Saturday is my birthday. Bill wants to go somewhere. Germany opened up yesterday, as did much of the rest of Europe, although we are still forbidden to leave the country under General Order #1… or whatever they’re calling it now. We are allowed to do overnights, though, and we can go anywhere in Germany. I suspect we won’t go far, since Bill is only planning two nights. I’m kind of dreading/looking forward to it, if that makes sense. I mean, I want to go somewhere, but I dread the hassle of life in a pandemic.

I wrote in my main blog about the new hobby I picked up in May. I’ve been playing guitar. Bill wants to learn too, so I’ve ordered two new guitars. One new one for me, because I wanted one with steel strings, and one for Bill. I hope they get to us before the weekend. I can hardly wait to try the new instrument, although I have been enjoying my Ortega guitar, too. It’s just that it’s a classical guitar with nylon strings and I want something a little edgier.

And finally, while we didn’t go anywhere on Sunday, we did order some food. Bill had to go on post to pick up something on Sunday, so he decided to stop by the Bamboo Asian Restaurant, which is located on the installation in Wiesbaden, meaning that it mostly caters to Americans. They do delivery on post, but I doubt they’d come all the way out to where we live. He wanted Thai food. It was the first time we’d ever had anything from there, although I was kind of curious about it.

He got me duck with peanut sauce, and he had crispy fish in red curry, which was supposed to be spicy. I didn’t try the crispy fish. The sauce was loaded with mushrooms. However, I did notice that they packaged everything separately, so if I had wanted to try the fish by itself, I could have. I liked that a lot. I enjoyed the duck with peanut sauce, too. In fact, l like peanut sauce very much, because I never see it loaded with mushrooms.

He also got some appetizers– Japanese dumplings, pork spring rolls, and shrimp sticks. They came with a sweet and sour sauce that was very gingery. I think there was a little too much ginger for my taste, although I liked the appetizers. They were nice and fried, which suits me fine! Here are a few photos:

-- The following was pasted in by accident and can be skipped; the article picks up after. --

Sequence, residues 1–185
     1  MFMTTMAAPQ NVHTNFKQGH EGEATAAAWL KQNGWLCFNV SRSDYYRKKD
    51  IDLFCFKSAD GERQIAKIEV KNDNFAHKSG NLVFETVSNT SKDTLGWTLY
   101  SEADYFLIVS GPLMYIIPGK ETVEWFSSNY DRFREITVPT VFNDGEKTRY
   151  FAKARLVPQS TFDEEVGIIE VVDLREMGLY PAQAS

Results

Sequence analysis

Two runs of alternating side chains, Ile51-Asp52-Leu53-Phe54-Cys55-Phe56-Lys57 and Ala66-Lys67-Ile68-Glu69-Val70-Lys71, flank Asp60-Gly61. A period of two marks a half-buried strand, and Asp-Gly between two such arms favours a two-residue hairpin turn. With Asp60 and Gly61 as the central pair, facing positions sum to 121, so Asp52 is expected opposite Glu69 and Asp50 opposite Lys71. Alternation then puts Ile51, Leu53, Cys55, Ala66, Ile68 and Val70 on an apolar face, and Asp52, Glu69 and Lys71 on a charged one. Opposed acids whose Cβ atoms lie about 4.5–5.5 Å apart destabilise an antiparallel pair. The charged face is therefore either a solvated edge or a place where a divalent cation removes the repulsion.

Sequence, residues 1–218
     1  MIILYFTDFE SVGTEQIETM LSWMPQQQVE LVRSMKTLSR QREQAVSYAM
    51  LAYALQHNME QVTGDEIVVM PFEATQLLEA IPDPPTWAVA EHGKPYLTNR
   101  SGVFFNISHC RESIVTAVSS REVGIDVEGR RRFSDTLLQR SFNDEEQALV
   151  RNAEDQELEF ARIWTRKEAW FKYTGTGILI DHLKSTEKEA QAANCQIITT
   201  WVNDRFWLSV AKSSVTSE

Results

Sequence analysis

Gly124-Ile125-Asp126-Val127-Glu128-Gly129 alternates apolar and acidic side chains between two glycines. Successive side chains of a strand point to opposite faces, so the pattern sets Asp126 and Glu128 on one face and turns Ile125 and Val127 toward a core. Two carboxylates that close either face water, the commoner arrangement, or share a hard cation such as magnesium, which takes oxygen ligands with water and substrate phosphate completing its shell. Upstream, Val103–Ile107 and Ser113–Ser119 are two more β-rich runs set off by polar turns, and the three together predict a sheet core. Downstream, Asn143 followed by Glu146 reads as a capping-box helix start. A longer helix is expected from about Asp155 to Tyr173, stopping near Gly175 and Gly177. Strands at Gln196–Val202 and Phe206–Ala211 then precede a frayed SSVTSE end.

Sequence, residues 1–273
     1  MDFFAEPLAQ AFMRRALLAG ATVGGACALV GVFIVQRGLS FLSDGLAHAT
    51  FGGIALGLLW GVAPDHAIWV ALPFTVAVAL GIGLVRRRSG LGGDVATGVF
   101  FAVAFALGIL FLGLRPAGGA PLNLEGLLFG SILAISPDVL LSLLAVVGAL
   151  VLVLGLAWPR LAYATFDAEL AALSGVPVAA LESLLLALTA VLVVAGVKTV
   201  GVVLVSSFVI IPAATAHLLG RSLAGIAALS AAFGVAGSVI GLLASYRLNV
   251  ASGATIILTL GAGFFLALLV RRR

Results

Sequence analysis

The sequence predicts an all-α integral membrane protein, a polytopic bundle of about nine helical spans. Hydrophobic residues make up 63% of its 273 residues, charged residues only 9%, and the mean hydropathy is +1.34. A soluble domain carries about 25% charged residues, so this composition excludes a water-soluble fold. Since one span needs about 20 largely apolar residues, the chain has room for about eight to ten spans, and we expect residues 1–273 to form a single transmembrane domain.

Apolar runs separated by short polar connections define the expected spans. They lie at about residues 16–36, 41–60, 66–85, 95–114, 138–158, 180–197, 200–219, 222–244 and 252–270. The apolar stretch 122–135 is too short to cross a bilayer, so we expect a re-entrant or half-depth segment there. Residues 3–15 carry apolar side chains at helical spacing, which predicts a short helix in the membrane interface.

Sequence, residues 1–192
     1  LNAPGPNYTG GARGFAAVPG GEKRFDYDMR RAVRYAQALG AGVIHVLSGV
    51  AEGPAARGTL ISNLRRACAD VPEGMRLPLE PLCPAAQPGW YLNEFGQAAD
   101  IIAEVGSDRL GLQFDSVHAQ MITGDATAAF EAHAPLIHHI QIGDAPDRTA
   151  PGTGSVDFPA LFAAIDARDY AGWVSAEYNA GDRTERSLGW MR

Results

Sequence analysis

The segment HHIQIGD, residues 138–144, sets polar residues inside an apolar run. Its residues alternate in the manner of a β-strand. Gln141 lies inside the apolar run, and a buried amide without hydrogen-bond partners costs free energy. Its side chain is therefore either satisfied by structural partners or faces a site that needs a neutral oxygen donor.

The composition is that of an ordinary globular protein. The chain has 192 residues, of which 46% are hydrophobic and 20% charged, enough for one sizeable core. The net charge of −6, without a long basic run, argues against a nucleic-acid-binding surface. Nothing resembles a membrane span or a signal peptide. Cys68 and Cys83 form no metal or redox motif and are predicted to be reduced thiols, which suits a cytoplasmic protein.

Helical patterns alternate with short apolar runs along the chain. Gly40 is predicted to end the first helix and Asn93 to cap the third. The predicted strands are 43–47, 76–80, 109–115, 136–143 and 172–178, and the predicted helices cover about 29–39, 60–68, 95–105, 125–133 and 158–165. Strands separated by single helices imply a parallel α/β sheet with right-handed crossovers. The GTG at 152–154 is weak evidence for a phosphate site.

I think Bill is going to keep our trip a secret… we could just end up in Frankfurt, which would be alright with me. I still don’t really feel like dealing with the world due to the coronavirus mess. But it would be good to get a change of scenery, I guess. And it would definitely wake up my sleepy travel blog.

It’s amazing. Every day, I look at photos from years past and remember all the fun we had, and took for granted. I hope this mess will be behind us at some point soon. But I’m not holding my breath.

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Michelin starred birthday dinner at Ente in Wiesbaden!

Thursday, June 20th, was my birthday.  It was also Corpus Christi, one of the many religious holidays celebrated in parts of Germany at this time of year.  And, it was also a work night for Bill, who needs his beauty sleep as much as possible these days.  Consequently, we celebrated my birthday last night instead of on my actual birthday.

Ever since we moved to Wiesbaden a few months ago, we’ve heard many great things about its only Michelin starred restaurant, Ente.  Actually, the first time I heard of Ente was last fall, when Bill and I had “top flight” cuisine at Stuttgart’s high class airport restaurant, Top Air.  That night, we enjoyed the services of a very particular sommelier who fussed over us all evening.  He got his training at Ente many years ago.  Ente is affiliated with the Nassauer Hof, a beautiful hotel in downtown Wiesbaden.